With green lawns and white picket fences, Abington Township is hardly a poster child for gentrification. Yet housing costs have doubled in this Montgomery County suburb over the past 20 years.
And Kathy Possinger, from the Pa. Department of Community and Economic Development, says many similar suburban areas face rising housing costs.
"Across Pennsylvania, the need for what we would consider affordable, safe, decent housing exists regardless of your ZIP code, regardless of where you’re located,” said Possinger, director of the agency.
Last week, Possinger’s agency announced a $500,000 grant that will rebab eight low-to-moderate income homes in Abington. Communities in nine other counties will receive similar grants.
The 10 jurisdictions getting state money to create or preserve affordable housing range from suburban Montgomery County to rural Indiana County.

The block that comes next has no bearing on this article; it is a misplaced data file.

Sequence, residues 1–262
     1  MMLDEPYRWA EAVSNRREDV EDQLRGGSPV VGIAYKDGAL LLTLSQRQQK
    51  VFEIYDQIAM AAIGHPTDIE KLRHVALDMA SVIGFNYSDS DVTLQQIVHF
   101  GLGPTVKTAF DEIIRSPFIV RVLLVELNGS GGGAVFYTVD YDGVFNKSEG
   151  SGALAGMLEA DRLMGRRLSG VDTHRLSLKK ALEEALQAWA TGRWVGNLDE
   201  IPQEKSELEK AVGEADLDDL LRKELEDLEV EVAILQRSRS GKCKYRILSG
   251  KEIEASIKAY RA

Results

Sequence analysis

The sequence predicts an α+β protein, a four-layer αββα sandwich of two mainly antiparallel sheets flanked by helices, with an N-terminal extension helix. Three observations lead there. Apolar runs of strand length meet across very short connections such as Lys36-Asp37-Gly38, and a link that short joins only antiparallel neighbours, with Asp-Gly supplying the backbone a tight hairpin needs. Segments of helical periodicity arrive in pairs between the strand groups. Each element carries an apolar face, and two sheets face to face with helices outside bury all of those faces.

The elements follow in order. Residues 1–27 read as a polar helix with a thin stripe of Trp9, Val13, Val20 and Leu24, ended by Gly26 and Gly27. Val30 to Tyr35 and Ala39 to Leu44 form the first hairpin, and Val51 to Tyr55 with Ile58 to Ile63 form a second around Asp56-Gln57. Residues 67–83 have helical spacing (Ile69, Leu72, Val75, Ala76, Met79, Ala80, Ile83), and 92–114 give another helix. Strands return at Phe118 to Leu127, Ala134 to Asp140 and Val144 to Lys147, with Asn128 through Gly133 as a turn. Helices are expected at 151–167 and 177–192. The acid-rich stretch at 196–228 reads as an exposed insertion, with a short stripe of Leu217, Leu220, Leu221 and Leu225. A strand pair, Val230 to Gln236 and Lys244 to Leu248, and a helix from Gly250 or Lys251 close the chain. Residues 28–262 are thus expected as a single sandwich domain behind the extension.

Possinger said this latest round of grants is reflective of the broader nature of what is sometimes thought of as a primarily urban issue. She said the problem of burdensome housing costs were the same for city and country residents, although the nature of these costs sometimes varied. In some growing suburbs, rising tax bills and larger homes can make upkeep costs burdensome for seniors.
Other older suburbs have alternatively seen rising poverty rates. More far-flung communities have, meanwhile, experienced extreme deindustrialization, abandonment and deteriorating housing stock.
The most recent grants, which were funded through an annual infusion from the Department of Housing and Urban Development’s HOME program, will only cover home repair and rehabilitation work –– preserving, but not expanding the supply of affordable homes.
“A lot of homeowners are spending a substantial amount of their personal resources to just get by,” she said. “The larger housing systems –– plumbing improvements or electrical work –– the things you might not see from the street, are the things that go unaddressed.”
Possinger said that many rural and suburban areas have also faced an extreme shortage of rental units, driving up the costs of the ones that are available.
“The demand has been exceptional and its driven up those costs in many communities,” she said. “But we didn’t have any specific projects addressing rental in this specific round of funding.”